An Important Announcement
We are excited to announce a brand new offering: Duosuma — Duotrope's Submission Manager.
It helps publishing projects and literary agents receive and manage their submissions quickly, easily, and affordably.

Editor Interview: The Greensboro Review

Q: Describe what you publish in 25 characters or less.

A: Smorgasbord of literature

Q: What other current publications (or publishers) do you admire most?

A: Our reading habits are as eclectic and evolving as the stories and poems we select for publication. Currently we're into: Baltimore Review, Barrelhouse, Crazyhorse, Diagram, Juke Joint, Mississippi Review, New Ohio Review, Ploughshares, Raleigh Review, Stay Thirsty Magazine, Superstition Review, TriQuarterly, Waxwing, Zone 3 . . .

Q: What is the best advice you can give people who are considering submitting work to your publication?

A: Most importantly, read an issue (or four, or five) first. Do you like what we're doing? If you do, we may like your work as well.

Q: Describe the ideal submission.

A: The ideal submission follows the guidelines *and* is representative of what we've published over the long haul. For instance, we only publish twenty or so pages of poetry in each issue. A twenty-page poem is not ideal.

Q: What do submitters most often get wrong about your submissions process?

A: We only publish short fiction and poetry but receive a surprising number of creative nonfiction submissions.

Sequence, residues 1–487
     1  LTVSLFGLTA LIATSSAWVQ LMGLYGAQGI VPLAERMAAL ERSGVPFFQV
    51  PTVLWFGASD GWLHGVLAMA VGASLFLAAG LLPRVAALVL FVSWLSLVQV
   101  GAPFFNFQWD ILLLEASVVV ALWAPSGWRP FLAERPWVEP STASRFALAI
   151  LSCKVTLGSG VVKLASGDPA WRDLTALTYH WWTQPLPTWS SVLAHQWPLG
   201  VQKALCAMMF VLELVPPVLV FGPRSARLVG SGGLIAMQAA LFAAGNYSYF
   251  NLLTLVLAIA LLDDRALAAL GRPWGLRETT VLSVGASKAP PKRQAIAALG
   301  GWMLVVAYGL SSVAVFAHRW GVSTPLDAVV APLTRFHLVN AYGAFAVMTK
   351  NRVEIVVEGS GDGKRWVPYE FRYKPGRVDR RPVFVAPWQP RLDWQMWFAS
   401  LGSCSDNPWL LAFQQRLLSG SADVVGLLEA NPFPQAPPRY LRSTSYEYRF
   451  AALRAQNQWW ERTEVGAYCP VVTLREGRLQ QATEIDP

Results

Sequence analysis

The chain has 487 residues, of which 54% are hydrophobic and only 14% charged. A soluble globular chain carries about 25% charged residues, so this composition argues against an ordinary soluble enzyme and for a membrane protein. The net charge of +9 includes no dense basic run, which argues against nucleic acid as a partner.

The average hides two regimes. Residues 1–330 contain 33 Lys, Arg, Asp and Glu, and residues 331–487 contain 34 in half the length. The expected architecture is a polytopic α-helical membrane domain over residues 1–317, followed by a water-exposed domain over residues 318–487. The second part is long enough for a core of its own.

Q: How much do you want to know about the person submitting to you?

A: We do like to have a cover letter with contact information but publication credits don't weigh into our decision making process.

Q: If you publish writing, how much of a piece do you read before making the decision to reject it?

A: If an author spends the time and money to submit a piece to us, we feel it's our responsibility to read the entire submission.

Q: What is a day in the life of an editor like for you?

A: Deliberation is built into our editorial process. If a story is strong, I ask for arguments against it. If a story gets mixed reviews, I ask for someone to argue for it. In addition to our genre editors, we also have editorial interns. A top-50 story my receive nine diverse readings before the editors sit down to select the half-dozen we'll run. These many-voiced deliberations make for better stories and provide some insurance against accepting a story that emerges as a ball of technical problems when we get to the line-by-line editing part of the process.

Q: How much do you edit an accepted piece prior to publication?

A: We provide substantive editing for all of the stories we accept for publication. However, for us, this is not a top-down process but rather an extended conversation with the author as we work to make the piece the best it can be.

Q: Do you nominate work you've published for any national or international awards?

A: We nominate for all the prize anthologies.